The Role of the Carcinoembryonic Antigen Receptor in Colorectal Cancer ProgressionOlga Bajenova1,2, Elena Tolkunova3, Sergey Koshkin3, Sergey Malov1, Peter Thomas4, Alexey Tomilin3 and Stephen O’Brien1
- *Corresponding Author:
- Olga Bajenova
Theodosius Dobzhansky Center for Genome Bioinformatics at St. Petersburg State University
41-43 Sredniy Prospekt, St Petersburg, Russia
E-mail: [email protected]
Received Date: March 25, 2017; Accepted Date: April 18, 2017; Published Date: April 28, 2017
Citation: Bajenova O, Tolkunova E, Koshkin S, Malov S, Thomas P, et al. (2017) The Role of the Carcinoembryonic Antigen Receptor in Colorectal Cancer Progression. J Integr Oncol 6:192. doi: 10.4172/2329-6771.1000192
Copyright: © 2017 Bajenova O, et al. This is an open-access article distributed under the terms of the Creative Commons Attribution License, which permits unrestricted use, distribution, and reproduction in any medium, provided the original author and source are credited.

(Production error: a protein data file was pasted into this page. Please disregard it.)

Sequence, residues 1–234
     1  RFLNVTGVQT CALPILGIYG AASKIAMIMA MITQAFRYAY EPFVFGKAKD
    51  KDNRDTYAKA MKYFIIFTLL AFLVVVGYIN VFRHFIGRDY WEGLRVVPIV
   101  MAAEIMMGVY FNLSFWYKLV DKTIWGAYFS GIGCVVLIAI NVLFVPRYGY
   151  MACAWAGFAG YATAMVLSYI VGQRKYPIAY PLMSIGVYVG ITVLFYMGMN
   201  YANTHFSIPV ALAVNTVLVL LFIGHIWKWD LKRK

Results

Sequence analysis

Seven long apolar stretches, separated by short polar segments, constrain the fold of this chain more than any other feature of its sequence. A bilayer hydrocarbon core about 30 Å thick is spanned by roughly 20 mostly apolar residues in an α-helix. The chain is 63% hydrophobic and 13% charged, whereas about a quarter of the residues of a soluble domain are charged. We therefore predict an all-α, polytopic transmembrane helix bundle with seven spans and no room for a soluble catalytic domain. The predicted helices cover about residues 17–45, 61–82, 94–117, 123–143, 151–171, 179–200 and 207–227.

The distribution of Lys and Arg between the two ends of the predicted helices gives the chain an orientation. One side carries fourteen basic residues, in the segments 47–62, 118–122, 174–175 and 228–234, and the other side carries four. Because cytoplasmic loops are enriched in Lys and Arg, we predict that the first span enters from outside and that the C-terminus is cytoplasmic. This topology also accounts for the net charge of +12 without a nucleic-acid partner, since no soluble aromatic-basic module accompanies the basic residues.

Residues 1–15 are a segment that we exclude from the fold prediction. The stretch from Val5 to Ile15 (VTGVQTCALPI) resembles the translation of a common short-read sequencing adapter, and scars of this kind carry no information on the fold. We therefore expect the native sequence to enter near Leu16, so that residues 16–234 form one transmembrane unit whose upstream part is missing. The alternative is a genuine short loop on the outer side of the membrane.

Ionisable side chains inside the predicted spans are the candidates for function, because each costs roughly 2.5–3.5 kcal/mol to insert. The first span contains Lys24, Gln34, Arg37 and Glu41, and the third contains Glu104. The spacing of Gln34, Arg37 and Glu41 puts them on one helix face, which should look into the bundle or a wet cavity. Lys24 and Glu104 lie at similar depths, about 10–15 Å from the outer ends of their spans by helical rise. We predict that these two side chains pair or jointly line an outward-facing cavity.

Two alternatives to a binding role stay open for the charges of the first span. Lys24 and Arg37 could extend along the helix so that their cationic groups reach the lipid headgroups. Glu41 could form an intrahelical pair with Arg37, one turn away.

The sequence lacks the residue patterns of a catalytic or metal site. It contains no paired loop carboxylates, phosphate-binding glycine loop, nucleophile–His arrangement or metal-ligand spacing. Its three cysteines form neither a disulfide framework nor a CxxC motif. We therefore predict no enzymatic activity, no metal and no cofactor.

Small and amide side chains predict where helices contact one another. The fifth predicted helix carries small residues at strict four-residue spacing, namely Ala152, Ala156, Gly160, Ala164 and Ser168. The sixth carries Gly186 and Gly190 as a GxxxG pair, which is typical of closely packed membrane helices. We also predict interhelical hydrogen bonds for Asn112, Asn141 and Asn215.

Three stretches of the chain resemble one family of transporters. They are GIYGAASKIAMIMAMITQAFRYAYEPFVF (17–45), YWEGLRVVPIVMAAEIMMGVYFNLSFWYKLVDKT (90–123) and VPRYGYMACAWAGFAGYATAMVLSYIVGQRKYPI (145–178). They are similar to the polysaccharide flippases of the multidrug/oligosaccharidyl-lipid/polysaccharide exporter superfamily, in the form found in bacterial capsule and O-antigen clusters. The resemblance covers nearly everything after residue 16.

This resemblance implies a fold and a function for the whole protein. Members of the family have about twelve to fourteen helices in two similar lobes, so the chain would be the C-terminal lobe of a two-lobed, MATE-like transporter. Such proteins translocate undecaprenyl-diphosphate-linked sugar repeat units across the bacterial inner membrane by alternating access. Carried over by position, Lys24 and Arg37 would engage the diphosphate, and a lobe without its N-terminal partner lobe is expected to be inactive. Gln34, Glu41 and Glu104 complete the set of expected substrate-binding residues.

Clinical and experimental data suggest that carcinoembryonic antigen (CEA, CD66e, CEACAM-5) plays a key role in the formation of hepatic metastasis from colorectal and other types of epithelial cancers. The molecular events involved in CEA-induced metastasis have yet to be defined. Our group first cloned the gene (CEAR) for CEA-binding protein from the surface of fixed liver macrophages, (Kupffer cells). In this study to further elucidate the role of CEAR in colorectal cancer progression, its expression in colorectal cancer cells was suppressed by short hairpin RNAs (shRNAs) in CEA-overexpressing and CEA - negative MIP-101 colorectal cancer cell lines. The data show that targeted suppression of endogenous CEAR in tumor cells resulted in changes in cell invasiveness. RT-PCR data indicated reduced levels of E-cadherin, Snail, MMP-2, and Oct-4 in the clones with suppressed CEAR suggesting a role in the epithelial mesenchymal transition. The comparative analysis of tumorigenic activity to the liver of the cell lines with suppressed CEAR has also been conducted using an intrasplenic injection model in immuno-deficient mice. This data shows a decrease in tumor progression associated with CEAR suppression. In summary the results of this study revealed a novel role for CEAR gene in the regulation of colorectal cancer cell invasiveness and progression.